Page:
For the Week Ending November 9, 2018
CALIFORNIA PROP. 12 BAD FOR FARMERS, CONSUMERS, SAYS NPPC
California voters Tuesday approved Proposition 12, an initiative that bans, starting in 2020, the sale in the state of pork and veal from animals raised anywhere in the country in housing the state banned through a 2008 ballot initiative. (In 2010, the California Legislature banned the sale of eggs from hens housed in so-called battery cages regardless of where they are raised.) Prop. 12 also requires egg-laying hens in the state to be cage free. NPPC, which strongly opposed it, maintains that the initiative violates the U.S. Constitution’s Commerce Clause and that it will be costly for farmers and consumers. The organization is supporting federal legislation that would prohibit states from regulating agricultural production practices outside their borders and is backing lawsuits – now pending before the U.S. Supreme Court – filed by attorneys general from nearly two dozen states against California’s egg sales ban and a 2016 Massachusetts ballot measure that banned the sale of eggs, pork and veal from animals raised in housing prohibited by the same measure.
DESPITE CHANGE IN PARTY CONTROL, NPPC EXPECTS HOUSE TO SUPPORT FARMERS
While the results of Tuesday’s mid-term congressional elections saw Democrats take control from Republicans over the U.S. House for the 116th Congress that begins early next year – and put more Republicans in the Senate – NPPC still expects lawmakers to approve a Farm Bill that supports American agriculture, promotes rural prosperity and protects livestock from foreign animal diseases. It also expects them to support reforms that allow farmers to hire and maintain a legal, productive workforce and to pass free trade agreements that let U.S. pork producers export more product. Democrats in 2019 and 2020 will be in charge of the House’s various committees, including the Agriculture panel, which is expected to be chaired by Rep. Collin Peterson, D-Minn.
CHINA-U.S. TRADE WAR: RELIEF FOR PORK SOON?
Conversations between President Trump and Chinese President Xi Jinping could result in an end to the trade war now raging between the United States and China. The two leaders are expected to meet at the G20 summit in Buenos Aires later this month. U.S. pork is currently on two Chinese retaliation lists, with tariffs of 50 percent. (That’s in addition to China’s 12 percent World Trade Organization tariff.) NPPC has been urging both countries to resolve their trade issues. The Chinese market holds tremendous potential for U.S. pork exports.
EU-JAPAN TRADE DEAL MOVES FORWARD; NPPC URGES AGREEMENT WITH JAPAN
The European Parliament’s international trade committee Monday approved the EU-Japan trade agreement, setting up a final vote by the parliament in mid-December. If it’s passed then, the deal likely would go into effect in early 2019. Japan also is part of the recently finalized Comprehensive and Progressive Agreement for Trans-Pacific Partnership, or TPP-11, which will go into effect Dec. 30. To ensure the U.S. pork industry maintains market share in Japan, its No. 1 export market, NPPC is urging the Trump administration to quickly negotiate a free trade agreement with the Asian nation.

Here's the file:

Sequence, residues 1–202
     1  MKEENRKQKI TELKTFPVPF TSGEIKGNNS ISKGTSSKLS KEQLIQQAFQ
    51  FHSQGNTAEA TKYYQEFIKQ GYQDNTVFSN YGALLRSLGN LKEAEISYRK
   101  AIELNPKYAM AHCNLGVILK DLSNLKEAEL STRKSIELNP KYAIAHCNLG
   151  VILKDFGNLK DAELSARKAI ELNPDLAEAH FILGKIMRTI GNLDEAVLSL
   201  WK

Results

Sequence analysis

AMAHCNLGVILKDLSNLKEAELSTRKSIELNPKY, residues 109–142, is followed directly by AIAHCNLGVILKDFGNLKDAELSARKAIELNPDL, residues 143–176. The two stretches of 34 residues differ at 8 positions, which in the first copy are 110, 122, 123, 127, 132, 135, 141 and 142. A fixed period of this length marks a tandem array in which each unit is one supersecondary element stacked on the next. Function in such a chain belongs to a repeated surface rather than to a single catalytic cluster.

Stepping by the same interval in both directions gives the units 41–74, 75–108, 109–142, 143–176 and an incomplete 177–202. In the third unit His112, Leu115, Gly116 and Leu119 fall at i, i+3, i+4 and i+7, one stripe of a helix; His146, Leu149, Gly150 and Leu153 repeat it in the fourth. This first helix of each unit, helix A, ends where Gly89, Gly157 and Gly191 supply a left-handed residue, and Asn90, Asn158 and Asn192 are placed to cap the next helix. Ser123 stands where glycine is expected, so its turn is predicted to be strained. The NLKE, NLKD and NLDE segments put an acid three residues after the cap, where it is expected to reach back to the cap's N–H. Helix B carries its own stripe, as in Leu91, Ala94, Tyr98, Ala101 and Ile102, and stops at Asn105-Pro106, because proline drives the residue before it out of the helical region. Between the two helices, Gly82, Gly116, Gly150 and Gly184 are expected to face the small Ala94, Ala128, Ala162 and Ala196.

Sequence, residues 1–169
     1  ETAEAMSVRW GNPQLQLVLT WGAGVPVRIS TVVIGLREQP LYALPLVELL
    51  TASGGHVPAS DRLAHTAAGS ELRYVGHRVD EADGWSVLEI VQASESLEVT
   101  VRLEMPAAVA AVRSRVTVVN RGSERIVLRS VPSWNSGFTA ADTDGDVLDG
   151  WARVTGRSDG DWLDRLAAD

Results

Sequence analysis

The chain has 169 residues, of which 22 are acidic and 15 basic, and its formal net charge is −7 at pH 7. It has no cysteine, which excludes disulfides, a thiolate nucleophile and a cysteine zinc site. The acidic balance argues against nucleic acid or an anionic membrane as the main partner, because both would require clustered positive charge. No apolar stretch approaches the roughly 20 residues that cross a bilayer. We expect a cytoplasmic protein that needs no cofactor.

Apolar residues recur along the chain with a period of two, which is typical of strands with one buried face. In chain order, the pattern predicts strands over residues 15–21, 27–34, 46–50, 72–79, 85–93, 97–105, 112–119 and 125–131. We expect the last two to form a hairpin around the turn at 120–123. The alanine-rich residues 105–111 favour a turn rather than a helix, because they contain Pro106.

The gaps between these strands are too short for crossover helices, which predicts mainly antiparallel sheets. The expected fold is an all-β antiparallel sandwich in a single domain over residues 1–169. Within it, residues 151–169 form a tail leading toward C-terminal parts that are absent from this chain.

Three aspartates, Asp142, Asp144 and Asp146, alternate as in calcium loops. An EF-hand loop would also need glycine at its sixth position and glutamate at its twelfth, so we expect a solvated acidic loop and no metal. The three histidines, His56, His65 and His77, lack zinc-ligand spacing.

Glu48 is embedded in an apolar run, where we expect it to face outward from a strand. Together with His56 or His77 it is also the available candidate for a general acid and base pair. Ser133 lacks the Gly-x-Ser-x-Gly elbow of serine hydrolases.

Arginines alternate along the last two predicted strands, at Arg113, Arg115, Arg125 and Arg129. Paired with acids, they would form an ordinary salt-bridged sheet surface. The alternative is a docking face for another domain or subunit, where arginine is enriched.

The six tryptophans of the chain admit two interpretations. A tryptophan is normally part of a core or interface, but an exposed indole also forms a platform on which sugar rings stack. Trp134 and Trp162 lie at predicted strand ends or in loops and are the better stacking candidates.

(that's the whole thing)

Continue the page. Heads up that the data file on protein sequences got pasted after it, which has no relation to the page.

USTR HEARING WILL REVIEW COUNTRIES’ GSP ELIGILIBITY
The Office of U.S. Trade Representative will hold a public hearing Nov. 29 to review the trade-related practices of countries that benefit from the U.S. Generalized System of Preferences (GSP), including Bolivia, Ecuador, Georgia, Indonesia, Iraq, Thailand and Uzbekistan. GSP gives duty-free treatment to certain goods entering the United States. NPPC in May petitioned USTR to review Thailand’s GSP eligibility and in a June hearing called for the country’s preferential access to the U.S. market to be revoked or reduced if it does not end an unwarranted ban on U.S. pork.
U.S., U.K. MAKING PROGRESS ON FREE TRADE AGREEMENT
In meetings this week, the United States and the United Kingdom continued to lay the groundwork for a free trade agreement (FTA) after the U.K. leaves the European Union – the so-called Brexit – early next year. NPPC supports a U.S.-U.K. FTA as long as it eliminates all tariffs and non-tariff barriers to U.S. pork exports.
PERDUE MAINTAINS USDA HAS AUTHORITY OVER CULTURED PROTEIN
Secretary of Agriculture Sonny Perdue told farmers in Oklahoma this week that it’s clear the commercialization and packaging of laboratory-produced cultured protein (L-PCP) should fall under the regulatory jurisdiction of the U.S. Department of Agriculture, but authority over production of L-PCP is undecided. USDA and the U.S. Food and Drug Administration are working amicably to determine which agency will regulate it. NPPC has asked the Trump administration to establish regulatory authority over L-PCP within USDA’s Food Safety and Inspection Services.